Welcome to the Spotlight Elly Swartz and Finding Perfect!

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I am over-the-moon thrilled to shine the spotlight on talented friend and debut author, Elly Swartz! I first read a draft of FINDING PERFECT before she sold the middle grade novel to FSG, and I fell head-over-heels in love with Molly. Stay tuned for a chance to win a signed copy below!

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Finding Perfect by Elly Swartz (FSG/2016)

Twelve-year-old Molly misses her mom when she moves out of the country to Canada for a job. Molly knows if she can win a poetry slam contest at school, her mom would come home and reunite with Dad and family. But, as the days go by with her older sister distant, her younger brother needy, and her father busy with work, Molly starts to notice certain habits are taking over – washing her hands over and over, lining up her glass animals perfectly with a ruler, making sure her homework is mistake- and smudge-free, and counting counting counting, until it’s all she can do to hide it from her best friends and family. In this touching story about trying to “find perfect,” Molly learns to let go of fear and finally get the help she needs.

Spotlight on Elly:

How did the idea for this story come to you, and what was your journey like from idea to sale?

One day, I woke with Molly in my head, and she wouldn’t leave until I told her story. At the time, I knew a number of adults and kids whom I was very close with who had OCD. I was awed by the disconnect between how they saw themselves and the world saw them. I then spent the next 7 years researching OCD, writing Molly’s story, and working with OCD pediatric specialists to authenticate the manifestation, discovery and treatment of Molly’s symptoms.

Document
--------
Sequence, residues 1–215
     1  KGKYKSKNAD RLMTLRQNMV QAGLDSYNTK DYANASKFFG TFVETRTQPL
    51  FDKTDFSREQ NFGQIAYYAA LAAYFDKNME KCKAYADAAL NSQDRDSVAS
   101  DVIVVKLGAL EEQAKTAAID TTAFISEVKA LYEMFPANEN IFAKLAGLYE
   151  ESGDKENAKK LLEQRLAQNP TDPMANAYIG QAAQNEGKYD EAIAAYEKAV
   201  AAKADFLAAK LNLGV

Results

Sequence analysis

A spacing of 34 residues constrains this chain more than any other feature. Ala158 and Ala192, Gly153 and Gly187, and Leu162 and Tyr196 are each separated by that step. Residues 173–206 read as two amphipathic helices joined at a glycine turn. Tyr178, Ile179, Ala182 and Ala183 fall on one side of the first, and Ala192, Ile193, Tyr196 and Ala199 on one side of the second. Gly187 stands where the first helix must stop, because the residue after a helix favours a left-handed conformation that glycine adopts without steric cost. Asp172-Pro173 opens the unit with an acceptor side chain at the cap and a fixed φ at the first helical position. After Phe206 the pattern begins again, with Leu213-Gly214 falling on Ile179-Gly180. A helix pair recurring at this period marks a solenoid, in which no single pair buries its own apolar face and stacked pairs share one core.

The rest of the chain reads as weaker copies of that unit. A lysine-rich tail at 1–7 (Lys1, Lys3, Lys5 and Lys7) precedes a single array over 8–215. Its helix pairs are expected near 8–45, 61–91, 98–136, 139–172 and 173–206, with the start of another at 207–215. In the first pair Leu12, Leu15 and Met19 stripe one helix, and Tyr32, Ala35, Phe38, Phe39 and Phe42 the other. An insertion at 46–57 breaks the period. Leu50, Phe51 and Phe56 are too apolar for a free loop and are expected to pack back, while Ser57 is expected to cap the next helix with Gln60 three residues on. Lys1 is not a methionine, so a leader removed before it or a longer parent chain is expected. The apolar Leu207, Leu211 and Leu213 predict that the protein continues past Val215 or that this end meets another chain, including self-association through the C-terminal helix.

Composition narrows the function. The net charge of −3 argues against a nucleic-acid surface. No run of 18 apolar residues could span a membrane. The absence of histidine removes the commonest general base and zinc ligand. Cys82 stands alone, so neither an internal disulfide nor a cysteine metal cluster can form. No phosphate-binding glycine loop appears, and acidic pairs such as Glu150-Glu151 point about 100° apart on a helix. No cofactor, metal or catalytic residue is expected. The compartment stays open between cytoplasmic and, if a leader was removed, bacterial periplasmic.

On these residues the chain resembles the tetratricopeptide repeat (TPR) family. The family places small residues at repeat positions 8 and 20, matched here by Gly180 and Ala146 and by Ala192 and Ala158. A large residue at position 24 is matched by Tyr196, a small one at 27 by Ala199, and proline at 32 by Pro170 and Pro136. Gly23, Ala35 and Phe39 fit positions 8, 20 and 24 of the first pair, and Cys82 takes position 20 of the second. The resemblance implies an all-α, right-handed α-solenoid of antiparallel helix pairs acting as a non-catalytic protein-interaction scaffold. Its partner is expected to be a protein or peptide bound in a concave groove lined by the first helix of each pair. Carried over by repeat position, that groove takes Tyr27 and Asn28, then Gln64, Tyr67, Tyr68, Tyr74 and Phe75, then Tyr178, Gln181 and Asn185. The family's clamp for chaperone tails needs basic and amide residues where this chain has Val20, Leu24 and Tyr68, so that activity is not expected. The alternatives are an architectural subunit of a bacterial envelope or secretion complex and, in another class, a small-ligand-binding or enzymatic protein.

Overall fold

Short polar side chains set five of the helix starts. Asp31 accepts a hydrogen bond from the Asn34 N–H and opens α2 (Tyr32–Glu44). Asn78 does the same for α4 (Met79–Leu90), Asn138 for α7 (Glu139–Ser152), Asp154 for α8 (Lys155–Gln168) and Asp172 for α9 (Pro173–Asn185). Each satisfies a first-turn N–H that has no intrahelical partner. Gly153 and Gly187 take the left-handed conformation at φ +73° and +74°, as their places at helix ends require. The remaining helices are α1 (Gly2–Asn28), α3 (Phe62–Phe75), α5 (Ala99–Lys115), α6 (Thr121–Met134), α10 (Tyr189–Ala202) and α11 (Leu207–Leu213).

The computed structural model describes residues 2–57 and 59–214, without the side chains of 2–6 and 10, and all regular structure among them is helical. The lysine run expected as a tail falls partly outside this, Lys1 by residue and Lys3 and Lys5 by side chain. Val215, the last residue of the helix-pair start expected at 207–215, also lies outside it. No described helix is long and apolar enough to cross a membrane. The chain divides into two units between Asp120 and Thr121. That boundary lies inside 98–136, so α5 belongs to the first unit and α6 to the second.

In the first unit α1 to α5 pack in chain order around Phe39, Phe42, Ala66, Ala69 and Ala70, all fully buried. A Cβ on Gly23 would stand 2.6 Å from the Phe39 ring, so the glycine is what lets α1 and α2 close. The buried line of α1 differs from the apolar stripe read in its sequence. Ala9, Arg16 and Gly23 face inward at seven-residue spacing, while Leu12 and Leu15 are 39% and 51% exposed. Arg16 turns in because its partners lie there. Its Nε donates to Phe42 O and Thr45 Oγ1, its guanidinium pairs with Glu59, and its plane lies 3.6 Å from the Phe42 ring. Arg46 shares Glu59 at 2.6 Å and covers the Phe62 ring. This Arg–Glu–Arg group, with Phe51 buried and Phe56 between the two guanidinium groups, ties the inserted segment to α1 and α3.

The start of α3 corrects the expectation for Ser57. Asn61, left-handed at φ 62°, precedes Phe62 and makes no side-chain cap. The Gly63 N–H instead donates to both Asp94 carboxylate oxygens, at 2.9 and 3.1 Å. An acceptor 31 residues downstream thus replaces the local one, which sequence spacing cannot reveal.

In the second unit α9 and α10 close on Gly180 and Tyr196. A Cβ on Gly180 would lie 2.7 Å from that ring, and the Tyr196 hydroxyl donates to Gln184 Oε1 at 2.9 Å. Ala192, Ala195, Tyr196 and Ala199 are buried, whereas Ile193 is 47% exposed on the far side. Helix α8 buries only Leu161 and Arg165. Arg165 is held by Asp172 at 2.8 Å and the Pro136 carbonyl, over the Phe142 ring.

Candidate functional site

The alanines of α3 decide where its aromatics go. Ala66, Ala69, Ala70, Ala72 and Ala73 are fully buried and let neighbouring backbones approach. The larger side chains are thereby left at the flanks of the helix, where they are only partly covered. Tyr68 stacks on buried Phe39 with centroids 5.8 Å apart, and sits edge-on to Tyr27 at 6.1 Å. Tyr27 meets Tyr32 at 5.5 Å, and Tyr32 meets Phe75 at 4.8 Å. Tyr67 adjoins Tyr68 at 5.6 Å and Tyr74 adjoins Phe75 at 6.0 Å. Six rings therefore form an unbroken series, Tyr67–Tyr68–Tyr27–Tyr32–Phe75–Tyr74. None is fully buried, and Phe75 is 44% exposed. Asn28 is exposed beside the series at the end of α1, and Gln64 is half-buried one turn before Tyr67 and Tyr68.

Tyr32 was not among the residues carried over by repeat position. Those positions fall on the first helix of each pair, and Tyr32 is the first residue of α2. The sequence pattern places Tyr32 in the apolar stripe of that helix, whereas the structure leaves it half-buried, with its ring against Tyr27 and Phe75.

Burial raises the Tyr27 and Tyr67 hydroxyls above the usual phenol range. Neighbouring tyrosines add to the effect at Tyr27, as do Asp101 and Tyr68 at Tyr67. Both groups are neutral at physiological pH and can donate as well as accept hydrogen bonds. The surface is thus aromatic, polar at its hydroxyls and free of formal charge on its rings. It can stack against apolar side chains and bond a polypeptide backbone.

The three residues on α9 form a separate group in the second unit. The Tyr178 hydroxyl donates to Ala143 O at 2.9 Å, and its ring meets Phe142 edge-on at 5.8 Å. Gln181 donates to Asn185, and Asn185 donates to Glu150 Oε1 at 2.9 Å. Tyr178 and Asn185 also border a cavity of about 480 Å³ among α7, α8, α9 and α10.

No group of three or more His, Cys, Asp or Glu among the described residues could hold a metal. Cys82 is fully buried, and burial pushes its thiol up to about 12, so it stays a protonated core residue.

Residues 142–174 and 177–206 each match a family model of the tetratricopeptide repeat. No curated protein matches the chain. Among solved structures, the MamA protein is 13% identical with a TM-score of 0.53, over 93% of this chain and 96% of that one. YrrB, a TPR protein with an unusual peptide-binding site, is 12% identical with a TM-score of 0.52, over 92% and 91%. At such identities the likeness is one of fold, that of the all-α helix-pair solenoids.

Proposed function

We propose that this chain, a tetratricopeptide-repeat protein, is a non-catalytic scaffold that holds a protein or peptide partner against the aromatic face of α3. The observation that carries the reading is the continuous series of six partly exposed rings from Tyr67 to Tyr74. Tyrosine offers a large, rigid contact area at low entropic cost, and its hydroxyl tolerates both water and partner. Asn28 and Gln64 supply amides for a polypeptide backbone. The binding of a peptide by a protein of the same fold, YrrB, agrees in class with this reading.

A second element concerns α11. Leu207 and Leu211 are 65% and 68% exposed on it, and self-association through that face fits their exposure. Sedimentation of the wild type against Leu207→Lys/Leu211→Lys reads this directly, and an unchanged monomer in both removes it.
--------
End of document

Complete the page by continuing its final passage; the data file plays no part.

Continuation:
The journey was long, windy, and wonderful. Finding Perfect was originally written in alternating 1st person POVs between Molly and Hannah. It was a way for me to understand the vast discrepancy between how Molly saw herself and how Hannah saw her. Ultimately, I got to know Molly better, and rewrote the story from just her perspective. In doing so, I learned more about the dynamic between Molly, Kate and Ian, and Molly and her mom.

In the time between idea and sale, both the story and my love for Molly grew. She has stayed with me long after wrapping up my final draft. Truly, I think a piece of Molly will stay with me always.

Molly is struggling with a heavy burden, dealing with missing her mom, her parents’ separation, and feeling neglected/abandoned. What was it like researching for this book and getting to know Molly? What were the particular challenges and joys to writing this book?

Getting to know Molly was both inspiring and challenging. She was hiding in a dark place, and that is always hard to write. As the author, I had to get into her head, really embody her, and what she was experiencing to fully understand her feelings and write her story from a place of true authenticity. But, that’s what ultimately led to the greatest joy and inspiration. Molly’s acceptance of herself and recognition of her own strength.

The two most difficult scenes to write were Molly’s unraveling on stage during the slam poetry finals and her reunion with her mom. As a loving and affectionate mom of two sons, I wanted to protect Molly from hurt, sorrow, and fear. I wanted to wrap her in my arms and tell her it was all going to be okay. But, as the author, I knew that moment had to come later and it had to come from within Molly. She had to realize that she was going to be okay. That she was not OCD. That she was not one thing.

In the end, I was inspired by Molly’s courage, strength, and acceptance of imperfection.

Molly has a glass animal collection she cherishes. Do you collect anything? If so, what?